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From the Child Support YouTube Channel:

Child Support Recommendations

Family Law Inquiry: Interim Report

When parents ignore court orders

When parents don’t lodge tax returns

50:50 shared care

“Extra Care” formula

1685 Responses

  1. Holly
    | Reply

    Hi There,
    My ex has recently become bankrupt as far as I know he is employed but cannot pay his child support. Is there anyway I can notify centrelink or CSA of this so that my FTB is not reduced for money I am not receiving?
    Thanks so much.

    • Andrew Lancaster (admin)
      | Reply

      Government agencies can only go off official information, such as the amount you have received or the amount you should receive under an assessment. You can’t affect those things here.

  2. Brooke Irwin
    | Reply

    I have a question regarding who is responsible for costs if I pay child support to my ex husband due to 50/50 care arrangement.
    I earn more money and as such am supposed to pay him child support. CSA do the calculation each year under Private agreement.
    However when we divorced we agreed I wouldn’t pay child support as I would simply continue to pay for all of the expenses for my son including private health, clothes, school fees, medical expenses and activities. These can be quite high as he has a disability.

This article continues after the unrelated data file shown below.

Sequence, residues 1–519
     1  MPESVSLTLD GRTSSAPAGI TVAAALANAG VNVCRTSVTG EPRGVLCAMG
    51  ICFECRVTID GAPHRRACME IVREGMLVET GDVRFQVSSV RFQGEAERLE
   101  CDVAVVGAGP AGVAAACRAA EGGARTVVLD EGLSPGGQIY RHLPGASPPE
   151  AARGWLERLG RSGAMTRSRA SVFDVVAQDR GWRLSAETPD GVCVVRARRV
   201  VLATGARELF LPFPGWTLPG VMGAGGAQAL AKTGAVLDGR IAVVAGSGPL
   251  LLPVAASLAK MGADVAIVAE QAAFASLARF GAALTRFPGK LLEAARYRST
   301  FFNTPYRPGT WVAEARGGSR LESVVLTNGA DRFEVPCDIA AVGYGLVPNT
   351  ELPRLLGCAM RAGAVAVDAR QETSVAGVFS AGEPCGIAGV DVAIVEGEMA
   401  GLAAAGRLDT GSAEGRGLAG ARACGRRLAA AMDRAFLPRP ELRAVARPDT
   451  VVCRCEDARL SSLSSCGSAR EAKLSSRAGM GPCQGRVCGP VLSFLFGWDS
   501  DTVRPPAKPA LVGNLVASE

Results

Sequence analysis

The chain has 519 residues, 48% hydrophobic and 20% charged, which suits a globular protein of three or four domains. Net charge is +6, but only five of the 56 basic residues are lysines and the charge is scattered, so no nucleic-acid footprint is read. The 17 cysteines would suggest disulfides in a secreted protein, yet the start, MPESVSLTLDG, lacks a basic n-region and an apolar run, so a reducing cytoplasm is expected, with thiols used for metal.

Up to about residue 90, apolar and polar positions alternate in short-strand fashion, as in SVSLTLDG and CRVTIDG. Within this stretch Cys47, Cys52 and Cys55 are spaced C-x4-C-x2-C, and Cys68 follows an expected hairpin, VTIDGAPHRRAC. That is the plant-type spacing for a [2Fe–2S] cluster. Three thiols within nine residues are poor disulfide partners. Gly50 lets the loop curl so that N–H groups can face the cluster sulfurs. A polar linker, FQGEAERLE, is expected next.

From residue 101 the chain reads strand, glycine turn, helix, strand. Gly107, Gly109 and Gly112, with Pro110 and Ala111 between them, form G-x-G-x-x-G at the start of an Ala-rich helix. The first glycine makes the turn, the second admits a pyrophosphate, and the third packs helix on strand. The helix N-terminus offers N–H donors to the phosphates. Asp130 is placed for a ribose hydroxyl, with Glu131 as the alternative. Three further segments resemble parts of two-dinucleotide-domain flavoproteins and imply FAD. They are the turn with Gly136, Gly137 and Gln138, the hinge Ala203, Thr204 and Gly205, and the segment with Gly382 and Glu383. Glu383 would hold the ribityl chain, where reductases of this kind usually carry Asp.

My ex husband has now advised me he is going to start claiming child support as he has been out of work since May and is struggling to pay his bills. I’ve even been having to buy food for my son when it’s his fathers custody time as I don’t want him to starve.
    The issue I have is he wouldn’t contribute to our sons expenses even if he’s getting child support. What can I do in this situation as I can’t afford to do both.

    • Andrew Lancaster (admin)
      | Reply

      As I’ve complained about many times before and lobbied for change, we have a child support system where one parent is responsible for looking after the other parent. That’s despite parents trying to separate and move on with their own individual lives.

      The father is entitled to receive child support if he asks the bureaucrats to collect it for him. And there’s little you can do about him then not paying for things.